Telegraph, May 28, 2006
Imagine a cheerful Faulkner, or an even earthier Nabokov. Not possible? Peter Carey is the embodiment of what seems such a literary impossibility, and a writer like no one else in the merry infectiousness, the persuasive relentlessness of his literary energy. In Theft: A Love Story here it is again, ‘the human voice once more in uproar’, lyrical and foul, biblical and crude, in the now trademark Carey fusion of expertise and wonderful blaggery.
A critique of both the art business and the business of love, this is a funny, gorgeous steal of a book. It is 1980; after being jailed for trying to thieve back his early paintings from his ex-wife, Butcher Bones, a once locally-famous painter now out of fashion, is caretaking (and painting like crazy) in hicksville, northern New South Wales, on a property owned by a patronising ex-patron.
With him is his brother Hugh, whose ‘needs are special’. He is Butcher’s burden. ‘There is always Hugh and what to do with him’. Then Marlene arrives, an art expert in the middle of nowhere, trailing mud and Manolo Blahniks. She truly seems to love art, to have the ‘Eye’. Astonishingly she has even read Hugh’s favourite book and bonds with him over it.
Is she American? Is she ‘working for the other team, the market, the rich guys, the ones who decided what was art and what was not’? She kicks off not just her shoes but a load of old plot nonsense about counterfeit paintings and a jaunt across the art world via a horde of shady businessmen and criminal investigators. Bones, of course, falls in love. But is she the real thing? In other words, who will be the breaking of Bones: Marlene, the crooked, lovely authenticator or ‘Hugh the Poet and Hugh the Murderer, Hugh the Idiot Savant’, the ‘fearsome mouth-breather’ who’s been responsible for a few fractures already, albeit little ones?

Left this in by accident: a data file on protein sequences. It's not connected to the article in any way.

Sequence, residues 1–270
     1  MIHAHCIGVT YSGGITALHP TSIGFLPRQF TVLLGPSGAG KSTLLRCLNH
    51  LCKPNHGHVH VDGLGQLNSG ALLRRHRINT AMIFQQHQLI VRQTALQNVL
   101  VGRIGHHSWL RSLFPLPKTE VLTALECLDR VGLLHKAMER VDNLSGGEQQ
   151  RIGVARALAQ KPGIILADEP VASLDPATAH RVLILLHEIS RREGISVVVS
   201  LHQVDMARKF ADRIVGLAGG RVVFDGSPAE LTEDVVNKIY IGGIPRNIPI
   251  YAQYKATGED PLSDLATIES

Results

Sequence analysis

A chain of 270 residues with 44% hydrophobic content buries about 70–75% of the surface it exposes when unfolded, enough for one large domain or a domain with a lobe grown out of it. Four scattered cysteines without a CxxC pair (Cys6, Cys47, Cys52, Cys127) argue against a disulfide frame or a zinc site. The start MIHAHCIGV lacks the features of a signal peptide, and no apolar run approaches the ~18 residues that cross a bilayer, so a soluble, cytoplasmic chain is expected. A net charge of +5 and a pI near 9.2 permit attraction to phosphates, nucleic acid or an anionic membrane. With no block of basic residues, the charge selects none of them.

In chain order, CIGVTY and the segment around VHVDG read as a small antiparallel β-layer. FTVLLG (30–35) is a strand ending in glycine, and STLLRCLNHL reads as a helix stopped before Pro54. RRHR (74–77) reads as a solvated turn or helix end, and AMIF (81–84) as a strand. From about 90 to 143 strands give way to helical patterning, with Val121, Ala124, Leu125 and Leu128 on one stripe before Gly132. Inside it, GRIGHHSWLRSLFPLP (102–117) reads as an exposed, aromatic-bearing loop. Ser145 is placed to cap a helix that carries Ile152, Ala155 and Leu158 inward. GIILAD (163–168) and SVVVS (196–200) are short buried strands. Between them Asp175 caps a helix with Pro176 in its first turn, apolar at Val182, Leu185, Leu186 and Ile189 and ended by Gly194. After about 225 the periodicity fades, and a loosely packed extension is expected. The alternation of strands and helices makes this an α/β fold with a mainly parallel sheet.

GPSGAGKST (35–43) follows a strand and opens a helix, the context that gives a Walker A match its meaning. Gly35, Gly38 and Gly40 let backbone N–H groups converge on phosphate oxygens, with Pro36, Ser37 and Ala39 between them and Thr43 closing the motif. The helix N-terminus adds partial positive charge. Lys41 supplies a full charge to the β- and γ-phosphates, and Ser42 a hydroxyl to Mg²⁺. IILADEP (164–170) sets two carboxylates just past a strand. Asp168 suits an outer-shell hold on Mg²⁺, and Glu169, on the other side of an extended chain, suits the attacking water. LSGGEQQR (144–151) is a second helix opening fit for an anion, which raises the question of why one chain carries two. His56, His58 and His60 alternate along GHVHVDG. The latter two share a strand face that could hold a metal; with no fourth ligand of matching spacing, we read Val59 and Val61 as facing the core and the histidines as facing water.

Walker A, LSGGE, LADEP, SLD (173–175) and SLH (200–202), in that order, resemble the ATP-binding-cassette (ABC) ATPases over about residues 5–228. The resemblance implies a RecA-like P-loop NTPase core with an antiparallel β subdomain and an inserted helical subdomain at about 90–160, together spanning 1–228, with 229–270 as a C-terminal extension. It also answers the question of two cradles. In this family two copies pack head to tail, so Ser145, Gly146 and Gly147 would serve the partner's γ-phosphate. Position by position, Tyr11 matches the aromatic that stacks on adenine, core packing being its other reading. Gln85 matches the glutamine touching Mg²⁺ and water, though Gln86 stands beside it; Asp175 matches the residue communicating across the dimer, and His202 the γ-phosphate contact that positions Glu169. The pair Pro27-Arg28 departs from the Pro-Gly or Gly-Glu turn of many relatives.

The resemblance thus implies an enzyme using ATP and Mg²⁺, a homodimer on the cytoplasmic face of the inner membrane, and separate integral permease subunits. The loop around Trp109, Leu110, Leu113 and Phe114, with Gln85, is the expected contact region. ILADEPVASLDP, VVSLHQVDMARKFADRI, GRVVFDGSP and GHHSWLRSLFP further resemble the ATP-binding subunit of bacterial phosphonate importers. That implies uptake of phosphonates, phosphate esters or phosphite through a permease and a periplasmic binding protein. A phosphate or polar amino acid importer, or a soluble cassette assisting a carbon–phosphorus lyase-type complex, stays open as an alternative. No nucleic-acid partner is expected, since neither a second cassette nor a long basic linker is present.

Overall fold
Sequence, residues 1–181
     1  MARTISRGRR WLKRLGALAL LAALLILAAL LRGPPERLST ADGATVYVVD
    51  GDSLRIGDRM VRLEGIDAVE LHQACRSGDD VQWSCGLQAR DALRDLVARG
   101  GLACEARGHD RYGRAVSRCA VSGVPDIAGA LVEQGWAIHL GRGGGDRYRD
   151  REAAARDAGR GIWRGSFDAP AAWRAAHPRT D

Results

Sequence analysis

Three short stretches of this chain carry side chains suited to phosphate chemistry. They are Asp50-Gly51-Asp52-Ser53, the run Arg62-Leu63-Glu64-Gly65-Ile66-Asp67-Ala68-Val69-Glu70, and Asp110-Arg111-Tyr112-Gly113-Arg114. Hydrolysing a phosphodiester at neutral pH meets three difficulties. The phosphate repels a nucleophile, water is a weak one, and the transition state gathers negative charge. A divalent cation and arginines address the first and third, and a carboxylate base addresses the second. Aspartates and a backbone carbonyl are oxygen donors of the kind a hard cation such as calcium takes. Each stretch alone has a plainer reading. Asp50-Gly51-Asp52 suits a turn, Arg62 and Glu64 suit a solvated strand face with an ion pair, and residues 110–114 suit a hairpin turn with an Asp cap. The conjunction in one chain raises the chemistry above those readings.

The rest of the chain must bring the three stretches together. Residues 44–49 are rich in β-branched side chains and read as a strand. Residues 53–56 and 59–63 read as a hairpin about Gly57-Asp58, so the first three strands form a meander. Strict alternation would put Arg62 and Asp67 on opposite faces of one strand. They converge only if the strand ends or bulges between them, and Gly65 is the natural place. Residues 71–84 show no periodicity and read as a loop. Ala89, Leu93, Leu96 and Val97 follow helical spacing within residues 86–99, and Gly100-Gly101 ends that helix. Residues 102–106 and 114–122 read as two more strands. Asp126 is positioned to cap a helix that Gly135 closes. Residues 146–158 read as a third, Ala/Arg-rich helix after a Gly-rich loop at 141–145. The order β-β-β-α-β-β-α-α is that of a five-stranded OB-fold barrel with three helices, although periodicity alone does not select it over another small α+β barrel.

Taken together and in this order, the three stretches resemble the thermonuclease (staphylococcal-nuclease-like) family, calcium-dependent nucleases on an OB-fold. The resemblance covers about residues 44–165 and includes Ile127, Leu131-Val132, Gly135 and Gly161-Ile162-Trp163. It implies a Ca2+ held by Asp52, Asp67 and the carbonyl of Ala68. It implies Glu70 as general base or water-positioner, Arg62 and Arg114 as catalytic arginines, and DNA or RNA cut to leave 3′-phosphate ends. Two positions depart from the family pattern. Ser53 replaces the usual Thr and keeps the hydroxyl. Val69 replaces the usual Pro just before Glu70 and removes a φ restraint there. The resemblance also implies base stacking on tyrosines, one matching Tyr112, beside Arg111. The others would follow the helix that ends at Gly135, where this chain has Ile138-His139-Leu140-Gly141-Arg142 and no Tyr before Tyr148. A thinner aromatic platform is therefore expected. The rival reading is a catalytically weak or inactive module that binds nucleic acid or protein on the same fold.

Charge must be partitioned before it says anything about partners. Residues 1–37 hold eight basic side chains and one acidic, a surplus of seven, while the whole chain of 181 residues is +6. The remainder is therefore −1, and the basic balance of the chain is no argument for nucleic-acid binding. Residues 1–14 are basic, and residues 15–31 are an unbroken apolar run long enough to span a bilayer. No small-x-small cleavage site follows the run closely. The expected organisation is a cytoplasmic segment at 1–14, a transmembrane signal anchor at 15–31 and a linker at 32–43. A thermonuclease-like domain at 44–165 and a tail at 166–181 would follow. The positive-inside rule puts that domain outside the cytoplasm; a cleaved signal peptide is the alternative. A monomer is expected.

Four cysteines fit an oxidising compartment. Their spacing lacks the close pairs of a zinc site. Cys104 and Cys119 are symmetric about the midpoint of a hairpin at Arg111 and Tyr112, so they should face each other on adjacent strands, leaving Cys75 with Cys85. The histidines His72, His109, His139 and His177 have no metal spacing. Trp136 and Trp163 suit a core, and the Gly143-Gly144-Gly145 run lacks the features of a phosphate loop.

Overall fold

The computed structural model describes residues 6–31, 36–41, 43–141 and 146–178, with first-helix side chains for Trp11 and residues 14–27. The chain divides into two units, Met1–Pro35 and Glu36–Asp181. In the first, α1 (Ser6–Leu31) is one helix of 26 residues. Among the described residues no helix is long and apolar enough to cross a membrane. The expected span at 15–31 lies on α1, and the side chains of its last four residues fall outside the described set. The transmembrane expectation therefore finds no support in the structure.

Where Butcher is tough and apologetic, Hugh is both poetic and skewed. ‘Pthaa! We are Bones, God help us, raised in sawdust, dry each morning… the pair of us are meat men, not river men, not beggars hiding in damp shacks with floods and mud and mould.’ Not that Butcher is any less gloriously declarative. ‘I am Butcher Bones, a thieving cunning man… I was born out of style, and was still out of style when I came down on the train from Bacchus Marsh. My trousers were too short. My socks were white, and I will commit similar sins of style when I am in my coffin.’
Carey loves to goad acceptable style, knock it off its perch. As a writer he is in love not just with the place where ‘fakery’ meets ‘reality’ but with the Molotov mix of so-called high and low art; here he courts everything from Rembrandt to Pollock, obsessed with what doesn’t get to be ‘art’ and why. In particular Theft’s headlong helterskeltering owes a lot to that favourite book of Hugh’s, Norman Lindsay’s riotous Australian children’s book, The Magic Pudding (1918), all farce, thievery and swaggering joy, a work of shapeshifting brilliance in both voice and illustration. But – is it art?
Outsider and insider status is always the real subject of Theft, even beyond its fascinations with the way art lasts and the sheer lovely speed of being alive ‘on the aft of PROMISE like the burning edge of a leaf in a firestorm.’ In the end it tells an old story, the one where money can’t buy you love, where guile itself is an art, and where art is the ‘limitation of the materials’ plus ‘the true wonder of bloody everything, no less’.
In other words, it is a magic, near-impossible combination – and one that Carey, in another incredible meld of mess and discipline, bombast and quietness, has pulled off and run away with one more time.